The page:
The present home of Oscott dates from 1838. As the college expanded and Catholic life in England emerged from the penal times, it was decided to rebuild the college on a new site. This ambitious project was the brainchild of the Vicar Apostolic of the Midland District, Thomas Walsh. With the help of John, sixteenth Earl of Shrewsbury, George Ignatius Spencer and other benefactors, Walsh bought the land and employed Joseph Potter of Lichfield as architect.
Walsh’s intention was that Oscott would symbolise the renewal of Catholic life in England. It became the showplace of English Catholicism, and the famous historian, Lord Acton recalled that when he was a schoolboy here in the 1840’s, ‘apart from Pekin, we thought that Oscott was the centre of the world’.
The portrait of Bishop John Milner inside the main entrance connects New Oscott with its roots. Milner began the ‘New Government’ of the college on the Feast of the Assumption 1808, dedicating the college to Our Lady, and revising its scheme of studies, particularly for the student priests. He worked closely with Thomas Walsh, who succeeded him as Vicar Apostolic, and who built the new college.
In the background of Milner’s portrait can be seen the outline of the old college, now Maryvale Institute. Facing the main door are four stained glass panels depicting the arms of the first four Bishops and Archbishops of Birmingham – William Bernard Ullathorne, Edward Illsley, John McIntyre and Thomas Williams. Biographies of William Bernard Ullathorne by Judith Champ and of Edward Ilsley by Mary McInally may be ordered from Oscott, at a cost of £22 for Ullathorne and £15 for Ilsley including P&P (email@example.com), or may be bought on site. Both of these contain a large amount of information on Oscott during the second half of the nineteenth century and early twentieth century.
The College Chapel
The chapel is the heart of the college’s life and the centre of Augustus Welby Pugin’s work at Oscott. In 1837, Pugin, the rising star of Gothic architecture, was introduced to Oscott. Potter was paid off and Pugin was given a free hand, especially in the chapel. His purpose was to create a glorious visual and spiritual experience for the visitor and worshipper, which would draw them into the mystery of Christianity and closer to God. A detailed guide to the chapel is available, which may be ordered at £3.50 inc P&P, but a few elements are highlighted below.
The main window portrays the Virgin Mary as Queen of Heaven, bearing the infant Christ. Surrounded by radiant golden light, she is flanked by St. Catherine of Alexandria and by St. Cecilia. Next to St. Catherine is St. Gregory the Great, and alongside St. Cecilia, St. Thomas Becket. This window was designed by Pugin and manufactured by Warrington of London.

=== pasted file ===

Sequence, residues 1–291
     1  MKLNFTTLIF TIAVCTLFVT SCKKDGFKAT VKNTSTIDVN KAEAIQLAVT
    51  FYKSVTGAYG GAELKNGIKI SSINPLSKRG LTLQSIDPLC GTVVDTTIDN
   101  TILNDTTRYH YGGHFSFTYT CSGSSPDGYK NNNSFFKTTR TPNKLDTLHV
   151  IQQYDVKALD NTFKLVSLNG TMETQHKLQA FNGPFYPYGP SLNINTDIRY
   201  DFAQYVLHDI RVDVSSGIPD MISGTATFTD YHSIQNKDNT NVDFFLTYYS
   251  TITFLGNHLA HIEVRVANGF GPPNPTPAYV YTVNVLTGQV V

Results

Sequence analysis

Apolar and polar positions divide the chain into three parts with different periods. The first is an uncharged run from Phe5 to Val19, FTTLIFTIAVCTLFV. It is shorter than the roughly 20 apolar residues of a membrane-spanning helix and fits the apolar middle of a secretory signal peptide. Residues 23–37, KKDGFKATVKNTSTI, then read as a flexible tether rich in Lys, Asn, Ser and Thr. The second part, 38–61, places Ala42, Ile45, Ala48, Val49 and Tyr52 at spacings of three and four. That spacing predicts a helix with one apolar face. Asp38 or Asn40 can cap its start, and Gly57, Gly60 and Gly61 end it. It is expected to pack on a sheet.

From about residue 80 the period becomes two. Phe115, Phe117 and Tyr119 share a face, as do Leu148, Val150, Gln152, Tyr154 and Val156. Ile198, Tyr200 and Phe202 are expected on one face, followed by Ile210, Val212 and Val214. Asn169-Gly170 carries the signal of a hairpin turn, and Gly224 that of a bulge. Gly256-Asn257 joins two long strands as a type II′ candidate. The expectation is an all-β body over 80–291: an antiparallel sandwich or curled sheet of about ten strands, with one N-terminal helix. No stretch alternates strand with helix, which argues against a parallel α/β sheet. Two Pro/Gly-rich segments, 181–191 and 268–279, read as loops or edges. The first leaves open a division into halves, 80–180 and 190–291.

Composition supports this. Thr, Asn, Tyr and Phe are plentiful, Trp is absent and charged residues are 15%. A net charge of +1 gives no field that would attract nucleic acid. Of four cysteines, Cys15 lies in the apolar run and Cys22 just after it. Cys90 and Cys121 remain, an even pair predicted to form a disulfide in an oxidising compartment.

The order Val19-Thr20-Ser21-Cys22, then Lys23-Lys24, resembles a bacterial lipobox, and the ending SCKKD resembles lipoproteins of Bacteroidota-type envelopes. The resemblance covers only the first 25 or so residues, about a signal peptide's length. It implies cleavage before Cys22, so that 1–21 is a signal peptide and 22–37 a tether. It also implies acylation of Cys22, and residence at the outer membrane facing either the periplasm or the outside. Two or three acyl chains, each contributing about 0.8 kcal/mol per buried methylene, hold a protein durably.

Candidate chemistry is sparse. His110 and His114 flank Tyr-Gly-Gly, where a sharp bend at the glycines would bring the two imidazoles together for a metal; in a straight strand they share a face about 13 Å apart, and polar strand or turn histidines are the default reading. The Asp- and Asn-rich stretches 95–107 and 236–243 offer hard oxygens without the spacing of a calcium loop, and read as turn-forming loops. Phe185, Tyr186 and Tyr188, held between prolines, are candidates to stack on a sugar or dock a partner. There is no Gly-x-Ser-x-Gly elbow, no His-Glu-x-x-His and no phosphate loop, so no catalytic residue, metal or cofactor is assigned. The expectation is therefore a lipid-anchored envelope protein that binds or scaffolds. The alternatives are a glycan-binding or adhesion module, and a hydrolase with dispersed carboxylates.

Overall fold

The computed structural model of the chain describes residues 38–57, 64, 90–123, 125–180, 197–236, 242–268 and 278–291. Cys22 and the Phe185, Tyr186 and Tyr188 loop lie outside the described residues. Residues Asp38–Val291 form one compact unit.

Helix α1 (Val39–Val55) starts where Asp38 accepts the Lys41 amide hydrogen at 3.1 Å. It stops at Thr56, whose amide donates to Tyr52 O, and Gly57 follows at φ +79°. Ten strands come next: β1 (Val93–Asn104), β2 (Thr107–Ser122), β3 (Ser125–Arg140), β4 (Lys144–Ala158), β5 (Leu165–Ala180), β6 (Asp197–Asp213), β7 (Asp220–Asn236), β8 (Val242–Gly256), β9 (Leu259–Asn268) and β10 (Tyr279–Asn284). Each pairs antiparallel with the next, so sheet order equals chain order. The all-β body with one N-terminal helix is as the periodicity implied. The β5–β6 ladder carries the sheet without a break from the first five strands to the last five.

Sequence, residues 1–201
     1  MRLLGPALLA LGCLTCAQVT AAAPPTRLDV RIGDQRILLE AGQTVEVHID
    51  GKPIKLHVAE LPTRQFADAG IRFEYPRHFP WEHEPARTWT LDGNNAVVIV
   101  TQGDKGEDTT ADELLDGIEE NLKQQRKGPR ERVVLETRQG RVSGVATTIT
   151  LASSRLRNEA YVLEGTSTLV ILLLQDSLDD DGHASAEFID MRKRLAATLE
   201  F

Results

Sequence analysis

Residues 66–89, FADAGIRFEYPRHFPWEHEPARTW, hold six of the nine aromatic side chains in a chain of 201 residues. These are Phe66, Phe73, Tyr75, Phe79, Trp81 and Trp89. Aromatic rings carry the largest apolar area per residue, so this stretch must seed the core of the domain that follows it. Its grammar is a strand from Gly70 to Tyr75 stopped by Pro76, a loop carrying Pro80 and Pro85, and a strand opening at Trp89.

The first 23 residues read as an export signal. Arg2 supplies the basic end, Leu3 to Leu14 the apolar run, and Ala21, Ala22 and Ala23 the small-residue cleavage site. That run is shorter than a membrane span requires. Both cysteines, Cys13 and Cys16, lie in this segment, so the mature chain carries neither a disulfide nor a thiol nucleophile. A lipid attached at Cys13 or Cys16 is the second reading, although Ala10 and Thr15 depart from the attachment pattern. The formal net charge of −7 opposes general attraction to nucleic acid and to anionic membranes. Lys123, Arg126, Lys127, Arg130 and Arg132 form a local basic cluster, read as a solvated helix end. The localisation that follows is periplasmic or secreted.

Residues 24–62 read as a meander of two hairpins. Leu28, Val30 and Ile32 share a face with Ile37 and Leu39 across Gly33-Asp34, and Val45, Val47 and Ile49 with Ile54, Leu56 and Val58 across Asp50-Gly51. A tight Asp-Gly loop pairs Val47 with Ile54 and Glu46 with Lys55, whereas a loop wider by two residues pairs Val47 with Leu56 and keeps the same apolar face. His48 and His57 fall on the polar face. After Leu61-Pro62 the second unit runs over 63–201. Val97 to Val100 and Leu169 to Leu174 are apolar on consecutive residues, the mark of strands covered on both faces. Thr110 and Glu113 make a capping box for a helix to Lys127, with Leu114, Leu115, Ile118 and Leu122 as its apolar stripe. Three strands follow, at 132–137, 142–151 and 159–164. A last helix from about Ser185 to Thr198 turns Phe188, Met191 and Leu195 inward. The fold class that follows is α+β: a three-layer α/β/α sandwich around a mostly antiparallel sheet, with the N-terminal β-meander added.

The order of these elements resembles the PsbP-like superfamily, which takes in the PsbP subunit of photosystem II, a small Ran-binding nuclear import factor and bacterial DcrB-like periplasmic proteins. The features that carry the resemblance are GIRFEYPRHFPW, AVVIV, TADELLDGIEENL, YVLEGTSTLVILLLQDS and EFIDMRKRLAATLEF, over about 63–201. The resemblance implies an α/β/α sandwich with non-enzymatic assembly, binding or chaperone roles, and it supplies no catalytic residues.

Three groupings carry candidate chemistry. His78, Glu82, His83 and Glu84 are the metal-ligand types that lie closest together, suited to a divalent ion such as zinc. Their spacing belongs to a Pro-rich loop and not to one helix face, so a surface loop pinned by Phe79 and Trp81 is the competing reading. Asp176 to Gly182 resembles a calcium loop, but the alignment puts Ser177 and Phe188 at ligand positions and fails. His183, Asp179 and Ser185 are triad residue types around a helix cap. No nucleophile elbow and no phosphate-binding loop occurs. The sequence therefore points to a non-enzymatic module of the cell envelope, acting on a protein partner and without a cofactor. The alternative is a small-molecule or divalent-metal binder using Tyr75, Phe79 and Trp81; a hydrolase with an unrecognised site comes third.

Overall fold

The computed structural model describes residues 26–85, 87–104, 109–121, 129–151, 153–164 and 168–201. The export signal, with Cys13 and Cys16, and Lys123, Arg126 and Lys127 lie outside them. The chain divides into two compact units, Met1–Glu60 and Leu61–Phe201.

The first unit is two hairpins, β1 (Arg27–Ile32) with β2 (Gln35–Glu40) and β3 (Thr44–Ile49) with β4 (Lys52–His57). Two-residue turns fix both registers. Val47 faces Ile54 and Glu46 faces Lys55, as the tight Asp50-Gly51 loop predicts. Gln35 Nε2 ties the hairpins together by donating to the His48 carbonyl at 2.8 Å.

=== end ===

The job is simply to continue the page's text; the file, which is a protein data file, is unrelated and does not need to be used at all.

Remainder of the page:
The altar was constructed by Pugin by medieval fragments and wooden sculptures to his own design. The reredos consists of medieval carved scenes set in a framework designed by Pugin. The whole reredos is topped by wooden tracery and a series of medieval carvings. Beneath the reredos and tabernacle, set into the wooden panelling are a series of sixteenth century Limoges enamel panels which depict scenes from the Passion, Death and Resurrection of Our Lord.
The most striking of the side windows is the first war memorial to be erected in this country in honour of a Catholic chaplain. John Wheble offered his services as a volunteer in the Crimean War. The other windows date from the 1850s and 1860s and commemorate other college members and benefactors, whose patron saints are depicted in the main panels.
The pulpit is associated with the most significant occasion at Oscott in its early decades, the first synod of the restored Catholic hierarchy in 1852. This occasion was marked by the striking sermon preached from this pulpit by John Henry Newman. Later published as ‘The Second Spring’, the sermon was a moving account of the recovery of English Catholicism from the dark days of penal times to its Victorian splendour. It came to characterise the expression of the restoration of Catholicism, and the very title ‘The Second Spring’ passed into common usage to describe Catholic life in Victorian England.
The original choir stalls are seventeenth century French oak, decorated with beautifully carved faces. The benches in front were carved by Myers and Co of London in 1857. In 1925, the stalls were completed by Italian craftsmen. Fourteenth century in style, they harmonize with Pugin’s designs, and were linked to the old stalls by the addition of new standards on the ends, bearing coats of arms of Oscott, and of bishops associated with the college. The ornately carved altar rails are seventeenth century, continental and full of Baroque flourishes and cherubs and are clearly dated ‘anno 1680’.
The organ was made by Parsons of London, and given by Pugin’s friend and business partner, John Hardman. In 1872 it was moved to its present position and enlarged by the generosity of the Oscotian Society (founded in 1863). In 1963, Nicholson and Co of Worcester carried out a radical rebuilding, which kept the casing and style of the original 1837 organ with the advantages of a modern console and action.
The chapel of SS Patrick and George, which contains a Pugin altar with this unusual double dedication leads to the Weedall Chantry. Pugin designed a huge chantry chapel with an elaborate tomb for John Milner, which was never built, but the brass was designed and executed by Hardmans of Birmingham in 1841. Henry Weedall, in whose memory the chantry was built, was the last rector of the old college and first rector of the new, working closely with Thomas Walsh in the building of the new college. He is the only rector to have served two separate terms of office, and he turned down an episcopal appointment to remain at his beloved Oscott.